Scam of the day – August 30, 2017 – Mail carrier pleads guilty to identity theft charges

An Arkansas mail carrier has pleaded guilty to identity theft related charges in federal court and is facing a sentence of up to ten years in federal prison.  Michael Hearns conspired with six other identity thieves who filed phony income tax returns using the names and Social Security numbers of people whose Social Security numbers they stole.  Using counterfeit W-2s, the identity thieves claimed large refunds, which were to be paid through debit cards and checks.  This is where Hearns came in. The phony tax returns used addresses on Hearns’ postal route so when the fraudulent refunds were mailed by the IRS, they were retrieved by Hearns.


Income tax identity continues to be a major problem for the IRS although the situation has improved somewhat this year.  The key to protecting yourself from becoming a victim of income tax identity theft is to not only protect the privacy and security of your Social Security number as best you can, but also to file your income tax return as early as possible to prevent an identity thief from filing one and getting a refund before you do.

Scam of the day – July 19, 2017 – Mail identity thief sentenced

Identity theft can be high tech, low tech or no tech.  Stealing mail from mailboxes for purposes of identity theft has been done by identity thieves for years.  Numerous times over the last few years I have warned you about the danger of having your mail, such as credit card bills or bank statements stolen from your personal mailbox.  In addition, many people put themselves in great danger of identity theft by putting their outgoing mail in their mailbox and put up the red flag to alert the postman that there is mail to be picked up.  Unfortunately, that is also an alert to identity thieves cruising the neighborhood of mail to be easily stolen.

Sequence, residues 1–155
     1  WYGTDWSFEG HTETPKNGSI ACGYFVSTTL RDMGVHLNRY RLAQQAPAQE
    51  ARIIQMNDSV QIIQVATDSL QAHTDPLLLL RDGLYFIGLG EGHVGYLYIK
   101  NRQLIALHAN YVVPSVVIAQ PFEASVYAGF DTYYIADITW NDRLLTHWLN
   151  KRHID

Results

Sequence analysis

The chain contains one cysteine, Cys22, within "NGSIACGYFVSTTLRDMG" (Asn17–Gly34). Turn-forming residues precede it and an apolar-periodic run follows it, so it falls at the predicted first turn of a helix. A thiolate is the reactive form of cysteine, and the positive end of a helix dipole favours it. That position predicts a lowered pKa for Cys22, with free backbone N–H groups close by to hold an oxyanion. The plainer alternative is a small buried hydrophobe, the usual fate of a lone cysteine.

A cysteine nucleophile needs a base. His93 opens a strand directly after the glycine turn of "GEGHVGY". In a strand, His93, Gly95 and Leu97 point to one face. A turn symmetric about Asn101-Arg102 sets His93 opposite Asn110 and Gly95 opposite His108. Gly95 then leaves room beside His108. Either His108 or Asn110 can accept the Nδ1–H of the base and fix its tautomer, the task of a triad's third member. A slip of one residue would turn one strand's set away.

Ashley Nicole Leyba of Sacramento, California was recently sentenced to four  years and nine months in prison for her role in an identity theft ring that stole mail and used the information found in the mail to  open credit card accounts and lines of credit.


In order to avoid becoming a victim of identity theft through your mailbox, you should make sure that it is securely locked so that it is not easily accessed by your friendly neighborhood identity thief and when it comes to outgoing mail, don’t put it in your mailbox for your postal carrier to pick up regardless of how convenient it may be to do so.  In fact, identity thieves have been known to steal mail from the U.S. Postal Service mailboxes found on the corners of major streets so, in order to be safe, you should mail your outgoing mail at the post office.   It may seem like this is being a bit excessive when it comes to protecting your mail, but remember, even paranoids have enemies.

June 21, 2017 – Steve Weisman’s latest column for the Saturday Evening Post

Identity theft can be high tech, low tech or no tech.  Here is a link to a column I wrote for the Saturday Evening Post about the dangers of identity theft posed by your regular snail mail.

Con Watch: How Snail Mail Can Lead to Identity Theft

Scam of the day – April 6, 2017 – New service being offered by the US Postal Service

Starting April 14th you will be able to sign up for a free service of the U.S. Postal Service that will send you an email each morning with images of the mail you will be receiving later that day.  This service had been done on a pilot basis since 2014 in parts of California, Connecticut, Maryland, Virginia and Washington D.C..

Identity theft through the stealing of mail such as credit card statements and bank statements from your mailbox is a significant problem and this new program will both alert you as to when to look for important mail, as well as let you know if such important mail has been stolen from your mailbox so you can respond more quickly.


Unless you live in one of the areas involved in the pilot program, you cannot sign up for the program until April 14th.  Here is the link to go to sign up.

It is important to note that if you do sign up for the service, you should use a unique and complex password to prevent identity thieves from hacking your account to let them know when important mail that they can exploit for identity theft purposes will be arriving to your home.